Two weeks ago we penned "As US Debt Hits New Record, Fiscal 2012 Tax Revenues Are 10% Higher Than Debt Issuance" which unfortunately was very wrong: we completely forgot that tax revenues in the US are a two way street particularly from January through the end of tax season on April 15, when income and employment tax withholdings are offset by tax refunds as consumers rightfully claim (and in the process pad TurboTax revenues simply for having under-exempted themselves) what was overcollected by the government. Unfortunately, it also means that we showed the US in a far better fiscal light than it is in reality, because contrary to our conclusion that tax revenues are higher than debt issuance in fiscal 2012 (starting October 1, 2011), the reality is not only a mirror image, but worse, with total debt issued now surpassing net revenues (withholdings net of refunds) by a whopping 15%! In other words, for $710.7 billion issued in debt YTD (debt has risen from $14.79 trillion to $15.5 trillion), net tax revenues have risen only by $607 billion. Which means that contrary to conventional wisdom that the US collects in taxes modestly more than it issues, at least through the peak of tax refund season that is certainly not the case. It also means that little by little that neo-Keynesian ideal (where we hope we jest but are no longer sure) of all deficits being funded purely by debt issuance, is slowly coming true.
The chart below shows next tax revenues vs debt issuance YTD - go ahead and check: subtract year to date tax refunds from tax withholdings as of March 1 (link) and compare to debt issuance since October 1, 2011 (link).
But wait, it gets worse.
Remember all that talk of a US employment based 'renaissance'? By definition, that would mean that more tax revenues have to be collected YTD compared to 2011, during which period the unemployment rate was logically far higher - after all it is a declining continuum, or so the BLS would have you believe. Because more people employed, means more taxes collected. Logic 101. Well, wrong.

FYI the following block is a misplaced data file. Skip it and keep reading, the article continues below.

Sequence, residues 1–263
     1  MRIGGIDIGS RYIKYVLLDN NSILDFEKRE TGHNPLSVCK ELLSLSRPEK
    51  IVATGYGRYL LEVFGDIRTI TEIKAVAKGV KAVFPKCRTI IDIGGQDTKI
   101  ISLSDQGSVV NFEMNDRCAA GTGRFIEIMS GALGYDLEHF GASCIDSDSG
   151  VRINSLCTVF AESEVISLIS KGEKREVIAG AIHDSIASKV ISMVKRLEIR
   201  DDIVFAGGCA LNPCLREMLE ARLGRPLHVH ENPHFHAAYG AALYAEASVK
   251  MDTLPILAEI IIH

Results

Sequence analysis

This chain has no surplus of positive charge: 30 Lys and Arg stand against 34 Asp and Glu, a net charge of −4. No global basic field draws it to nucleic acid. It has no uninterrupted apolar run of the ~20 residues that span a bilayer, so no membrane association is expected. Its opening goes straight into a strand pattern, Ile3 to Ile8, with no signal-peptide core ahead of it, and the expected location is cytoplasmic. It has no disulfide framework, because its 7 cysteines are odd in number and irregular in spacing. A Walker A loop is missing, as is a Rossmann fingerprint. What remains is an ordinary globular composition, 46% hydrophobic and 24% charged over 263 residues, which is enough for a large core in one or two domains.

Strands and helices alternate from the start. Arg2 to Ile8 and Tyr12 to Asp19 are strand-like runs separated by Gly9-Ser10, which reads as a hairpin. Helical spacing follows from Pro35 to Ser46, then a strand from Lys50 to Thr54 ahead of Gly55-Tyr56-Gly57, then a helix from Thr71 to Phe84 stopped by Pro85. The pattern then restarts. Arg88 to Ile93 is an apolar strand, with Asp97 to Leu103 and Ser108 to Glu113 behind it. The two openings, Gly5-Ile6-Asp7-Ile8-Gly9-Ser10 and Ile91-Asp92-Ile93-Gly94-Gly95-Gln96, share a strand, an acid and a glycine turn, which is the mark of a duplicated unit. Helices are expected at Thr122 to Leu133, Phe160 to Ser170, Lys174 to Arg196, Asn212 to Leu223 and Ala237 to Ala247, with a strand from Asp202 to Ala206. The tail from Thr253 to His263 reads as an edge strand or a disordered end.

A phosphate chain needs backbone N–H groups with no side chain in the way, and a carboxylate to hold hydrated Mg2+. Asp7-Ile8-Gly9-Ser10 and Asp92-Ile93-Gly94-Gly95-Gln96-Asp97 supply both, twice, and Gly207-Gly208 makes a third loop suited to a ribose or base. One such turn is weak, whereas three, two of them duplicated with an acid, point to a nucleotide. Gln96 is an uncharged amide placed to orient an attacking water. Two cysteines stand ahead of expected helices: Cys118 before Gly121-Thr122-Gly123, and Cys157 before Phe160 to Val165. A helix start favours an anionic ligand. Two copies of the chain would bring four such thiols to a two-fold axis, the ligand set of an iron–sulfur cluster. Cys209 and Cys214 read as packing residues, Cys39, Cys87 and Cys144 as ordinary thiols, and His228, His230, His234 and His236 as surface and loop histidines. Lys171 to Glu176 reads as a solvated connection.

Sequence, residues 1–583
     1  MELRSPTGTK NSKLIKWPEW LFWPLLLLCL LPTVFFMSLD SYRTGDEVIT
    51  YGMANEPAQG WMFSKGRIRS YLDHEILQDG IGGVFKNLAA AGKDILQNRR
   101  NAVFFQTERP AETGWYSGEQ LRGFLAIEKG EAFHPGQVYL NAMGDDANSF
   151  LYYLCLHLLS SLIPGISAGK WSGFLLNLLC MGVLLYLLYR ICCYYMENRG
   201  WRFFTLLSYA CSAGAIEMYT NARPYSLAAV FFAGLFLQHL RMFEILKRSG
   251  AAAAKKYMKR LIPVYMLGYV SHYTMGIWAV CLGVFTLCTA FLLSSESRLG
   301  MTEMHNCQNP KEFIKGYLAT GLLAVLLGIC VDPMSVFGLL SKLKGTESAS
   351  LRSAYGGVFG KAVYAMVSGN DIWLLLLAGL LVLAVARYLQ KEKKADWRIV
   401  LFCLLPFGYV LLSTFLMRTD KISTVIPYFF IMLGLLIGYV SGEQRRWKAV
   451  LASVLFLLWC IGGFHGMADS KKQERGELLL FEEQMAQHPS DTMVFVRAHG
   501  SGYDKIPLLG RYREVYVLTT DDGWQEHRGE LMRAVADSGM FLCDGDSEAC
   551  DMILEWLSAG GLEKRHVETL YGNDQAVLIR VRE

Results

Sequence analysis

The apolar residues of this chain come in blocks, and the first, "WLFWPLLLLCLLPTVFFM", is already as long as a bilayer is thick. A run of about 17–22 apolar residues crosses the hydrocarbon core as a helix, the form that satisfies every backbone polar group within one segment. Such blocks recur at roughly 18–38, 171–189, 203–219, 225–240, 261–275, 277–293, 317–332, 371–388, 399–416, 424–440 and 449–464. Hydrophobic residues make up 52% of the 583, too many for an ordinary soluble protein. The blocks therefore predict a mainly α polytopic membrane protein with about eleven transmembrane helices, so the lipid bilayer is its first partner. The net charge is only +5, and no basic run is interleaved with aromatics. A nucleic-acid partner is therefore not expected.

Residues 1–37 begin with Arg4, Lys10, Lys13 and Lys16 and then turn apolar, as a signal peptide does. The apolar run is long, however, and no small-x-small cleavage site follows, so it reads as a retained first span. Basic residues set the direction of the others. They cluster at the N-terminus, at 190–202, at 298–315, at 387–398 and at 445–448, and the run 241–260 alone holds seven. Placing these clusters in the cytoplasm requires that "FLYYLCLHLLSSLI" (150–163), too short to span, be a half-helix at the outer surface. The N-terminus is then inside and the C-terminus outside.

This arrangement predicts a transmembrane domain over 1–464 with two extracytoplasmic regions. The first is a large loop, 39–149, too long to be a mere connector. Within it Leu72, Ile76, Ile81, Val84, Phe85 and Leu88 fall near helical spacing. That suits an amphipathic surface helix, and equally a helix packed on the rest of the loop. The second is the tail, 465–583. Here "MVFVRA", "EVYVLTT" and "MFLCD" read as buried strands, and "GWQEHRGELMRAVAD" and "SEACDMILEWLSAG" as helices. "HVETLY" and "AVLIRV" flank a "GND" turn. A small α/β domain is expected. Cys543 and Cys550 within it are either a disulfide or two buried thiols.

As the next chart shows, comparing net withholdings, or total taxes withheld net of tax refunds, 2012 is now trending below the same period in 2011, by about $10 billion!
As a reminder, here is how the unemployment situtation stood at January 2011, when according to the BLS 130.5 Million people worked, when net government tax revenues were on par or better than 2012...
And compare this to the latest employment "data", when once again according to the BLS, 132.4 Million people worked.
So let's get this straight: America has seen the number of people employed rise by 1.9 million people from January 2011 to January 2012, and its unemployment "decline" by 0.7% in the same period, which means more taxes paid and thus withheld, and yet the tax collections have dropped from a period when unemployment was 9.0%?
Naturally, skeptics will say that this is purely a function of frontloaded tax refunds. Which would be great, however it is not true.
Stone McCarthy deconstructs that myth as follows:
Cumulative individual income tax refund issuance for 2012 passed issuance for the comparable period last year for the first time in the latest week. In the week ended last Friday, income tax refund issuance totaled $26.6 billion, compared to $20,9 billion last year. That brought cumulative issuance to $85.4 billion, up 5.7% compared to the comparable period last year.
Today's Chart of the Day shows cumulative refund issuance through February 17 and for the comparable period for 2012.
Refunds are lagging our forecast, however. We had projected cumulative refund issuance of $102.3 billion through February 17. We forecast total refund issuance to be up 2.6% compared to last year. However, we expected more refund issuance early in the refund seasons compared to last year, when some returns didn't get processed until after February 14.
Refund issuance this year has been delayed by a different set of problems. As we have noted in our prior updates, the IRS has made changes to its systems to prevent fraud, and that caused refunds to go out more slowly than expected in the first few weeks of the refund season. The IRS appears to be catching up, but hasn't said so explicitly. The "Where's My Refund?" page simply now says taxpayers who file electronically can expect their refunds within 10 to 21 days. It will take another week or two before we can start to make reasonable comparisons between refund issuance this year and last year.
Finally, even if in reality the government is somehow goosing (i.e., frontloading) refunds, all it means is that cash available to US consumers is higher than where it should be in reality, as all that has happened is that the variable responsible for 70% of the US economy has obtained more cash earlier than when it should have been disbursed. Which in turn means that the recent Personal Income and Spending data, which was so disappointing it caused Goldman to lower its Q1 GDP tracking forecast (and that is even before the gasoline price shock), is even worse when one factors out the time effect of refund collection - traditionally an economic boost as the cash is spent as quickly as it is received.
So.... what is this about the US economy improving again?